Bouquet of flowers on CSS3

A little background: on March 8 I posted here such a bouquet of flowers on my blog . Within a week, several people took an interest in its implementation - and until today answered quite briefly - using border-radius, inear-gradient and transform.
But if someone was interested, then why not write a detailed manual?
One of the requirements was the minimum number of objects per flower - this would allow using any number of colors with minor code changes. I got only 5 objects, including the stem and leaf, but you can draw more complex flowers if you want.

For simplicity and visualization of the code, I will skip prefixes, but I must warn that browsers on the WebKit engine (Safari and Chrome) do not understand the transform property without a prefix - they will have to additionally specify the -webkit-transform property. All browsers understand the gradient and shadow (within the framework of this article I allow myself not to consider the explorer a browser, but if you wish, you can draw for it as well).

First, create a common blank for all the petals:
.petalbottomright, .petalbottomleft, .petaltopcenter{
	background: #601719;
	background: linear-gradient(top, #da2b2a, #601719);
	border:1px solid #000;
	box-shadow: 1px 1px 4px #333;

Color and gradient should not cause questions, and the frame and shadow is set to hide irregularities, so to speak, “CSS anti-aliasing”.

Then the right lobe:
	width: 30px;
	height: 83px;
	border-top-right-radius: 74px;
	border-bottom-left-radius: 56px;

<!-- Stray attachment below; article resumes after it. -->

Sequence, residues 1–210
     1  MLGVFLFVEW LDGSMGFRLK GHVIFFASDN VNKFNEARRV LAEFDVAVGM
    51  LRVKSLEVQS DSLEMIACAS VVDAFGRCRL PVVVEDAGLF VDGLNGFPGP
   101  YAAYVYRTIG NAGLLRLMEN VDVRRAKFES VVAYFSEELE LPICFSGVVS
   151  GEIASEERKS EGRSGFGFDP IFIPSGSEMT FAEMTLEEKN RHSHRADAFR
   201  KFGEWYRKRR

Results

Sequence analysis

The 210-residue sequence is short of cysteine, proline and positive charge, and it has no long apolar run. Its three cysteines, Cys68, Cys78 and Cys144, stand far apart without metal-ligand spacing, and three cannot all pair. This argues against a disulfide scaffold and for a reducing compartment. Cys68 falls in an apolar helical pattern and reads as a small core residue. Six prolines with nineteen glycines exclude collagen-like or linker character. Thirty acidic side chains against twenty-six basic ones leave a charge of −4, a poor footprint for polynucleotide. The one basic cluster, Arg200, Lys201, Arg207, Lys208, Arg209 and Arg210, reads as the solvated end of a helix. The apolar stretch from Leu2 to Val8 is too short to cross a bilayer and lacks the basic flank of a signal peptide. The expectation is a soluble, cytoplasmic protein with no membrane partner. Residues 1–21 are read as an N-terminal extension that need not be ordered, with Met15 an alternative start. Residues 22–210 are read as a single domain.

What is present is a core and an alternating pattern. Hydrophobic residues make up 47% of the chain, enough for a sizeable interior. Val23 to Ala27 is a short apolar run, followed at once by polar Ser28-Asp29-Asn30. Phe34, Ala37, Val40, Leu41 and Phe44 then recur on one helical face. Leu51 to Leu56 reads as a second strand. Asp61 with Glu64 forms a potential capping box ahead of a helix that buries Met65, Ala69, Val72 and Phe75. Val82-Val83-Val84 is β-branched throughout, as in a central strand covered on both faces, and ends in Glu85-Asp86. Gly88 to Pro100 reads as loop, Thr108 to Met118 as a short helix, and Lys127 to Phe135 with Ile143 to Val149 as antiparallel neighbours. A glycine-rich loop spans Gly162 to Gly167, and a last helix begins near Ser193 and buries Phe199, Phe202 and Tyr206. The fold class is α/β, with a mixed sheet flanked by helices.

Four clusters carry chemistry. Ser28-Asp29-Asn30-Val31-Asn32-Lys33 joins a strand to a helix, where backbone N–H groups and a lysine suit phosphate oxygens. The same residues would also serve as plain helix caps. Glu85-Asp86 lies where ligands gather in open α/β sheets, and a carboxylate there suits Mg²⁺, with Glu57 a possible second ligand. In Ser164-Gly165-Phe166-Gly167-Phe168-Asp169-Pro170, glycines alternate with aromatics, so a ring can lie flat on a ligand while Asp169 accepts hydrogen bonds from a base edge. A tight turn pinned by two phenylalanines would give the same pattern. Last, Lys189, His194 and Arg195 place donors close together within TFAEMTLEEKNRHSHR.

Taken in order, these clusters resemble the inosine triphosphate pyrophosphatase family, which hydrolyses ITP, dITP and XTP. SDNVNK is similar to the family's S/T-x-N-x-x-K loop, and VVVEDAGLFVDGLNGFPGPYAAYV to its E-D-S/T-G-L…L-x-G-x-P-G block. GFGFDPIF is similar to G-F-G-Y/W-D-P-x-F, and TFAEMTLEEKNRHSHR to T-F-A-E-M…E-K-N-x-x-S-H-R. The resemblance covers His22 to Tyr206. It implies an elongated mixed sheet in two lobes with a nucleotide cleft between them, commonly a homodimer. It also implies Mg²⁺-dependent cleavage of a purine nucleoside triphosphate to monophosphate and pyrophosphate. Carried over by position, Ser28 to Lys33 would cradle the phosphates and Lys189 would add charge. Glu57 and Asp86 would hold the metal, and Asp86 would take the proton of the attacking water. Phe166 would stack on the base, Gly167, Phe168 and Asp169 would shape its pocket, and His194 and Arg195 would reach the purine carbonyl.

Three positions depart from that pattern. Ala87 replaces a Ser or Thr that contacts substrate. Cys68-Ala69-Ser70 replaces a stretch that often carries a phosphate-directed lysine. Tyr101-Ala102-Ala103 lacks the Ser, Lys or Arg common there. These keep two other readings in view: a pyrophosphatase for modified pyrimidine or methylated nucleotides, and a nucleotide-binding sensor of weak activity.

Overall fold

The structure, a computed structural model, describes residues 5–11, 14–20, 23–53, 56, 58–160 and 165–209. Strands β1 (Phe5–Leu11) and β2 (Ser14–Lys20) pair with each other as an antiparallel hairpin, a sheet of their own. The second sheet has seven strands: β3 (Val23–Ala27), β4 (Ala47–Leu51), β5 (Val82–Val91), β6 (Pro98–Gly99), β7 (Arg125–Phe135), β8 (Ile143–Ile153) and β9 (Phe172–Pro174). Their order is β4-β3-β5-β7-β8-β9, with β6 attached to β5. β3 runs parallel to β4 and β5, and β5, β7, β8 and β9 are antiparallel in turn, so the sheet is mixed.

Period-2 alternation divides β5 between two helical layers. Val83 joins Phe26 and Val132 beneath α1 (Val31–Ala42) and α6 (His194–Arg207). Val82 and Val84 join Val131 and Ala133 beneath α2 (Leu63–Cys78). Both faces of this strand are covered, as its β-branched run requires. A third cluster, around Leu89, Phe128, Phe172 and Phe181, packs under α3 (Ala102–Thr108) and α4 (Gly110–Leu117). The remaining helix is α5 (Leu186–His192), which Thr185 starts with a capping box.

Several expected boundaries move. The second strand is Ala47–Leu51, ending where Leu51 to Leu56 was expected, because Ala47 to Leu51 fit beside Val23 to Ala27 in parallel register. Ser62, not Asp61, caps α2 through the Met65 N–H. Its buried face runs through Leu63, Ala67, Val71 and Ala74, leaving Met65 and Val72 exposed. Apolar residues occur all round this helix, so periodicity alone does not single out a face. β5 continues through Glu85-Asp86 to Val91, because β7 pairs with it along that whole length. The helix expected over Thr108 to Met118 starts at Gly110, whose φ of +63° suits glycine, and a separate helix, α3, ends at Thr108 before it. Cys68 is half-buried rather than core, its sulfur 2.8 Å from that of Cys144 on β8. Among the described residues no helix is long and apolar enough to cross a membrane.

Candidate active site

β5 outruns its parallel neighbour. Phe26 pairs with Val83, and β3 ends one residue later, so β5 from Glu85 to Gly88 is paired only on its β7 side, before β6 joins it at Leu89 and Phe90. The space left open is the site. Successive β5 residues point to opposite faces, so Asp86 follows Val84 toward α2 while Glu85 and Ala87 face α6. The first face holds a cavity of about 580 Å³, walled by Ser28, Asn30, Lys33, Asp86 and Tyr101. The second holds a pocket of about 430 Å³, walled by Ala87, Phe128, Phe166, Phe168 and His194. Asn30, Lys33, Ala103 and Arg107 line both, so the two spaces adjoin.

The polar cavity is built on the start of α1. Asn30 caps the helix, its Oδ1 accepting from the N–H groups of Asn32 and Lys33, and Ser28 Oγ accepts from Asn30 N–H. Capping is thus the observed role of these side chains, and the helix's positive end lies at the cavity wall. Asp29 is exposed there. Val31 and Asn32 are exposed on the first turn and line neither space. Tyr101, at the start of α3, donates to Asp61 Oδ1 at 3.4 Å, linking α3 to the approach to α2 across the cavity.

transform: rotate(355deg);

Dimensions should not cause questions either. We round the right upper and left lower corners (border-top-right-radius and border-bottom-left-radius, respectively), and rotate the entire block around its axis using transform.

We do the left petal by analogy with the right one:
	width: 36px;
	height: 86px;
	border-top-left-radius: 74px;
	border-bottom-right-radius: 46px;
	transform: rotate(12deg);

Central petal, the smallest:
	width: 40px;
	height: 40px;
	border-top-left-radius: 74px;
	transform: rotate(50deg);

Now let's deal with the stems, first harvesting:
.stem1, .stem2, .stem3{
	width: 10px;
	height: 180px;
	background: linear-gradient(left, #028e31, #601719);

Note that the gradient does not go from top to bottom, but from left to right.

And the indentation for the stems, it seemed to me that they should be made different:

There were leaves, the blank I got was like this:
.leftleaf, .rightleaf, .centerleaf{
	width: 60px;
	height: 30px;
	background: linear-gradient(left, #028e31, #601719);

And the leaves themselves differ only in positioning with the indentation and radius of the corners:
.leftleaf {
	margin-top: 120px; 
	margin-left: 24px;
	border-bottom-left-radius: 32px;
	border-top-right-radius: 30px;
.rightleaf {
	margin-top: 170px;
	margin-left: -23px;
	border-bottom-right-radius: 36px;
	border-top-left-radius: 36px;
.centerleaf {
	margin-top: 120px;
	margin-left: -28px;
	border-bottom-right-radius: 38px;
	border-top-left-radius: 32px;

We already have flowers, it's time to collect them in a bouquet. Here is the HTML:

Each flower consists of three petals, a stem and a leaf, placed inside the containers flower1, flower2 and flower3. And we will arrange the flowers themselves at different angles, so that it looks like a bouquet:

	transform: rotate(357deg) scale(1,1.2);
	-webkit-transform: rotate(357deg) scale(1,1.2);
	transform: rotate(335deg) scale(1,1.2);
	-webkit-transform: rotate(335deg) scale(1,1.2);
	transform: rotate(20deg) scale(1.1,1.2);
	-webkit-transform: rotate(20deg) scale(1.1,1.2);

And of course, no one forces you to limit yourself to just three colors - the more of them, the better. For women ;)

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